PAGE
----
Multiple herpesvirus infections lead to telomere shortening

Do endocrine pathways play a role?

Investigators at Kings College London report that seropositivity for CMV, Herpes simplex 1, and HHV-6 are all associated with a significant shortening of telomeres over a three-year period. Furthermore, the magnitude of the changes was great. For example, CMV seropositivity was associated with the equivalent of almost 12 years of chronological age.

Jennifer Dowd, Senior Lecturer & Associate Professor, Department of Global Health and Social Medicine, King’s College London

The length of telomeres, the tips that cap and stabilize chromosomes, is considered a marker for cellular aging since telomeres shorten slightly each time they divide, eventually leading to genomic instability and death of the cell.

Surprisingly, the investigators found that persistent herpesvirus infections were far more important than actual age when it comes to telomere attrition: age by itself only accounts for 10% of variation in leukocyte telomere length. CMV and HSV1 coinfection had the greatest impact on telomere length.

The authors believe the cause may be due to the impact of viral infection on endocrine pathways. CMV can infect and replicate in human adrenocortical cells, triggering steroidogenesis which in turn inhibits telomerase activity in CD4+ and CD8+ T-cells. Past studies have shown that greater cortisol responsivity to acute stressors is associated with telomere shortening (Steptoe 2017). Also, a previous study by the same authors suggested that CMV positivity was associated with lower telomerase activity (Dowd 2013).

Participants with >2 herpesviruses had the highest level of telomere attrition, and 4 viruses was significantly worse than 3 viruses. While HHV-6, CMV, and HSV1 were all independently associated with increased 3-year loss of leukocyte telomere length, there was no association with EBV. None of the other previously identified risk factors such as smoking, obesity, inflammation, and socioeconomic status had any impact on telomere attrition.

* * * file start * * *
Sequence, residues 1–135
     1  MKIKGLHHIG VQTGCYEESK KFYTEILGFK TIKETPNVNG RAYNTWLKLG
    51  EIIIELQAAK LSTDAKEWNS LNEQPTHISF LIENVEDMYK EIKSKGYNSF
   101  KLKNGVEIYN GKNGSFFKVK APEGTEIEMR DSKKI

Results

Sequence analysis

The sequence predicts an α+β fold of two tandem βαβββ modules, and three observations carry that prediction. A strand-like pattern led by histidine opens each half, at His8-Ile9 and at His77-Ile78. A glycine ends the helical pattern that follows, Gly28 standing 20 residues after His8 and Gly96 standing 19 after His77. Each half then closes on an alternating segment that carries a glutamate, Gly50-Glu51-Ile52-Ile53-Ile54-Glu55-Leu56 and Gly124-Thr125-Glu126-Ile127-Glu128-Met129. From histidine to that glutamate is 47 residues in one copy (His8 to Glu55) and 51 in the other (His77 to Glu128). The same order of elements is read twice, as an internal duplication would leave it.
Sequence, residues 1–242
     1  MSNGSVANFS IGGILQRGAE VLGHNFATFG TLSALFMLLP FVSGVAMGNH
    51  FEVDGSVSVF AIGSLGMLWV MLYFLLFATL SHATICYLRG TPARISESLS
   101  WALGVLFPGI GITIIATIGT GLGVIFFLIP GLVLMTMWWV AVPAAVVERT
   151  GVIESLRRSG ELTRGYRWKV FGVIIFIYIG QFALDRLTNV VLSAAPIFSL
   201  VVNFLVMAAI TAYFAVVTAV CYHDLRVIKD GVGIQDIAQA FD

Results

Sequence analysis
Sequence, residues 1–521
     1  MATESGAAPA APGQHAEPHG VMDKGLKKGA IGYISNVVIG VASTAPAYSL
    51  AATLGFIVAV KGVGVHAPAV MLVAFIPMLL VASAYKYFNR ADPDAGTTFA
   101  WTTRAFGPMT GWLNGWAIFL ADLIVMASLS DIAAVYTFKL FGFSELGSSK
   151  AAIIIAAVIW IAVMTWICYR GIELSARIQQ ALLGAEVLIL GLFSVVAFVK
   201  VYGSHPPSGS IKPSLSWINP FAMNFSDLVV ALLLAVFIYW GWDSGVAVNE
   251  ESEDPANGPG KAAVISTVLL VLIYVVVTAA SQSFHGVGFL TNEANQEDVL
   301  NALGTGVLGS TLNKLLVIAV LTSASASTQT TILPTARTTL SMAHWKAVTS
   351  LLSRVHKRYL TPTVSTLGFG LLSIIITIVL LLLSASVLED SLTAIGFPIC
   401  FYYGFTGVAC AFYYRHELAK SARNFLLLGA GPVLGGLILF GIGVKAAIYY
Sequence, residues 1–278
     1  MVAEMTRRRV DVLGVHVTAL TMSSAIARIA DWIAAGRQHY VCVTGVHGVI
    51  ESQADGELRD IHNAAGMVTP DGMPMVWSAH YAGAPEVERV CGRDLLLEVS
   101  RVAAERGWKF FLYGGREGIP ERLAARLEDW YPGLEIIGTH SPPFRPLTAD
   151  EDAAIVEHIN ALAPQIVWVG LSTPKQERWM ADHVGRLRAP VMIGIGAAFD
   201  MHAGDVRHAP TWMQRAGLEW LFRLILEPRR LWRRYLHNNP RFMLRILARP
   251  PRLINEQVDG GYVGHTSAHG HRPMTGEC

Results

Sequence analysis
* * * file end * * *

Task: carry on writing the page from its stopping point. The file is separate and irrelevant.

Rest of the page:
The investigators found 21% positive for HSV1, 47% positive for CMV, 59% positive for HHV-6, and 63% positive for EBV. The seroprevalence reported in this study was significantly lower than that reported by most (>90% for both EBV and HHV-6).

Telomere shortening based on the number of viral coinfections over 3 years. Source: Journal of Infectious Diseases

The group studied 400 healthy adults with the aim of identifying risk factors for coronary heart disease, over a period of three years. The patients were Caucasian and ranged in age from 53 to 76 years at the start of the study.

The investigators used ELISA, which is not a truly quantitative measure of  antibody titers. (ELISA kits are approved only to give a “yes/no” answer on seropositivity as the output is not linear; only end titration can give a truly quantitative assessment of antibody load.)

HHV-6 is the only virus that integrates into the chromosome at the telomere, and integration is associated with short and unstable telomeres (Huang 2014).

The next step for the investigators will be to determine if these “latent” herpesvirus infections are causing the shortening and whether treating or preventing herpesvirus infections could help extend human life and mitigate disease.

Read the full paper: Dowd 2017